TESOL Diploma or Certificate: Which Teacher Training Program Is Right for Me? (Part One)
At Greystone College Vancouver, we offer two TESL Canada recognized TESOL programs: TESOL diploma program and TESOL 130, a certificate program. The following three-part series will compare the programs and help you find the one that is right for you.
In this first post, we will look at classroom content and peer teaching.
The classroom content of each program is virtually identical. Both TESOL programs are broken down into three modules. Module A covers how to teach speaking, listening and pronunciation. It also covers teachers’ roles and learner types, multiculturalism and different ways of presenting new language. Module B covers teaching grammar, reading and writing. Module B also covers classroom management techniques and teaching methods. Module C covers vocabulary and planning integrated skills lessons. It covers computer-assisted language learning, language acquisition, sociolinguistics, cultural awareness, testing, teaching children and curriculum development. Each module also covers/reviews how to give instructions for task-based activities and the ESA method of lesson planning.
Duration and Presentation of Classroom Content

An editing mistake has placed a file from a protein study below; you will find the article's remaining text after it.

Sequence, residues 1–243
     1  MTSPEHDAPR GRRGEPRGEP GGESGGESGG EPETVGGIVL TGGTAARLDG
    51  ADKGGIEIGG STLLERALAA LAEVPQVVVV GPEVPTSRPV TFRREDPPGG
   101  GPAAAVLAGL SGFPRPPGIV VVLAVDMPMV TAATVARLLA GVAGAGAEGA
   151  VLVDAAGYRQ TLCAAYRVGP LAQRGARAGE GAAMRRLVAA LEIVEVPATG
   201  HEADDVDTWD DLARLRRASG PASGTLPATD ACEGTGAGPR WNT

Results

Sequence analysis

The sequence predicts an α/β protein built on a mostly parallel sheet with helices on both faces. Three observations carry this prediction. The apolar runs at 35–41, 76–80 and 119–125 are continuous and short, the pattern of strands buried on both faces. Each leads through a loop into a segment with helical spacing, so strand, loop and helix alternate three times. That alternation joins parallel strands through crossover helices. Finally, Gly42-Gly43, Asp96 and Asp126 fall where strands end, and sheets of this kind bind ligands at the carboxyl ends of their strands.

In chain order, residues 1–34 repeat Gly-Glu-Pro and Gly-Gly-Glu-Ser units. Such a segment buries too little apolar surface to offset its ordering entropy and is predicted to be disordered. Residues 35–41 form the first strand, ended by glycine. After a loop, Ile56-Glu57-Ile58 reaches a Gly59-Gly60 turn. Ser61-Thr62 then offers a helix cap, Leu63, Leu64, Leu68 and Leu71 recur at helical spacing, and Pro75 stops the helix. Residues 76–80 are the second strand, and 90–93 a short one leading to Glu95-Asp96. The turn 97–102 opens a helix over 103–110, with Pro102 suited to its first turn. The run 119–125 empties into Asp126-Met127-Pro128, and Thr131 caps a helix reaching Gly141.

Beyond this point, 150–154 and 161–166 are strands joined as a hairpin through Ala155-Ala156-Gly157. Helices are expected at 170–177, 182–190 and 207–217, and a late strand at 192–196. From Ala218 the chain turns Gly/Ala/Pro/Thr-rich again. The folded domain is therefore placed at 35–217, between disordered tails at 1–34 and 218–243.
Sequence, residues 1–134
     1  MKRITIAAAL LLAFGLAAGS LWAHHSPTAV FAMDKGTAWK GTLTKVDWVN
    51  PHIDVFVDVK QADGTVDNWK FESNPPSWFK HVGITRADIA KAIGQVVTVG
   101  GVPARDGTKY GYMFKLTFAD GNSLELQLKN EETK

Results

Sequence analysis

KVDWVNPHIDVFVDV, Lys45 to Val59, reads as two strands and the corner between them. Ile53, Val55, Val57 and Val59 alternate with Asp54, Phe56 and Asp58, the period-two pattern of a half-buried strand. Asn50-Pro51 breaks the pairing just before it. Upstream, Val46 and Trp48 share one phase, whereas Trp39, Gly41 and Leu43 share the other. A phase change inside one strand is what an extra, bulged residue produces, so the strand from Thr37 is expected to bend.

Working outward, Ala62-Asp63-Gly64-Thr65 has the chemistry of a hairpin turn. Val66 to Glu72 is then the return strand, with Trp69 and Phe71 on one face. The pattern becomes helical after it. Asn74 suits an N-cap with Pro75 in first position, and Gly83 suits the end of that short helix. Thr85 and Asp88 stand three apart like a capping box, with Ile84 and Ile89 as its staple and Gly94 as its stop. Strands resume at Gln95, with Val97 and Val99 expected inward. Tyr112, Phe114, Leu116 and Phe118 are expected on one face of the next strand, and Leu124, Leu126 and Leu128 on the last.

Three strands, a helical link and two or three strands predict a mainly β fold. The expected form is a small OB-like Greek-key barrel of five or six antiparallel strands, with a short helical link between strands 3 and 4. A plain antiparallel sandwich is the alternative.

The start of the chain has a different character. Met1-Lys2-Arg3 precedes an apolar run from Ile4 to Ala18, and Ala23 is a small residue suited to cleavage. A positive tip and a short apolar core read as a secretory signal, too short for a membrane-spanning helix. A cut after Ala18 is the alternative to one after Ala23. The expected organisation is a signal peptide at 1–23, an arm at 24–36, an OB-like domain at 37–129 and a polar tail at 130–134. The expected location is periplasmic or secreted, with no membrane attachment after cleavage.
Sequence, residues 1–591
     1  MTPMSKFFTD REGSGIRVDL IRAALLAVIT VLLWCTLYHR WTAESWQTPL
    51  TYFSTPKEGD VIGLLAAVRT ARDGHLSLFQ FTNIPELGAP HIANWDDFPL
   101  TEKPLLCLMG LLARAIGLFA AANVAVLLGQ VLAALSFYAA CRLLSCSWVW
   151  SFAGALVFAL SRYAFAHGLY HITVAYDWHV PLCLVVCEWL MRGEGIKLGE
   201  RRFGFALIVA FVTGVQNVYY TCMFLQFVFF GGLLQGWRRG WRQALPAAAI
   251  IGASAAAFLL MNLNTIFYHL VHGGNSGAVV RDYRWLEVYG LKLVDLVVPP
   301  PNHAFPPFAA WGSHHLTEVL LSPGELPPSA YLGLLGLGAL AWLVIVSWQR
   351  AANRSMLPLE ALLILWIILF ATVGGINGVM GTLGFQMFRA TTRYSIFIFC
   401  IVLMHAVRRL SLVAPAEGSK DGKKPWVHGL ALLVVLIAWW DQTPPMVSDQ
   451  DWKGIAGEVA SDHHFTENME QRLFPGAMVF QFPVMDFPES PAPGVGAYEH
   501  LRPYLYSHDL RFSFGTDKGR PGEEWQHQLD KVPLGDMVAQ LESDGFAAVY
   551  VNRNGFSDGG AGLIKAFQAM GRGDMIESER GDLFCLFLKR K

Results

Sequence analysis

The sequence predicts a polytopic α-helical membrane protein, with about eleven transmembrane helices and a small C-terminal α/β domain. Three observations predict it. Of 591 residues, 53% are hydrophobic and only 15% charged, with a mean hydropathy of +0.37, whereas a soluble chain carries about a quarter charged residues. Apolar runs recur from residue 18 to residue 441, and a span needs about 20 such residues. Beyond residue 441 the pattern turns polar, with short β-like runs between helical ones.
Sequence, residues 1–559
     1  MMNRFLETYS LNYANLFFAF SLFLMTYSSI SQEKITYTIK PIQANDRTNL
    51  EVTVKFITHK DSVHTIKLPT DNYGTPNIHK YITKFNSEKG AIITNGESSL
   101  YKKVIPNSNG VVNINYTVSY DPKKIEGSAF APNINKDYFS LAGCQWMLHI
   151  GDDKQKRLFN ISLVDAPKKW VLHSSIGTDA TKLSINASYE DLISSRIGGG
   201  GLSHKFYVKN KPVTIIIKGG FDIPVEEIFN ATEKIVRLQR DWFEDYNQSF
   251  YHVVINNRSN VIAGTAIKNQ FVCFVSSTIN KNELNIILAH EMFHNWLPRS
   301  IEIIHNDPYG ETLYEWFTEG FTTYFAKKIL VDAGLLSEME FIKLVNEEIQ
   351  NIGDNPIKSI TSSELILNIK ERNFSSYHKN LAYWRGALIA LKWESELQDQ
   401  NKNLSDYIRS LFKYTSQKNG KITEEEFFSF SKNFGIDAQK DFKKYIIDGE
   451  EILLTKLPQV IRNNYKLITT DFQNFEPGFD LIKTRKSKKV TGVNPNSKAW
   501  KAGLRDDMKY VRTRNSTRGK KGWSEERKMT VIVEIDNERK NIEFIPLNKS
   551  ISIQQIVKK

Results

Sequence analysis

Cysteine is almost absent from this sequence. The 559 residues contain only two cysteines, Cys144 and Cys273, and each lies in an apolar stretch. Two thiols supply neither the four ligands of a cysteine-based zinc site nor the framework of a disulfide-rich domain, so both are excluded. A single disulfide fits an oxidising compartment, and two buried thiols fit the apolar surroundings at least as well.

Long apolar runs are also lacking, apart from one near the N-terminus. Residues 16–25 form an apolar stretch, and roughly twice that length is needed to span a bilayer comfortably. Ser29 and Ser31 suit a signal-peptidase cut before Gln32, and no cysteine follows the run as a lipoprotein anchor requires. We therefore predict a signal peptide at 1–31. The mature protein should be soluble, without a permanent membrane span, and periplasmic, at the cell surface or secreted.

One of the biggest differences between the two teacher training programs is the duration. The diploma program runs for three months while the classroom component of the 130 daytime program runs for one month. They both cover essentially the same material but the pace and intensity is different.
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TESOL Diploma program
This program is recognized by TESL Canada as Standard 2. This is a 360 hour program.
In the diploma, there is more time for review and consolidation. Generally, class time is the first and last week of each month with a module exam at the end of the final week. The exam covers one third of the total material. There are three exams total. Both programs require the same amount of reading but there is more time to do it in the diploma program.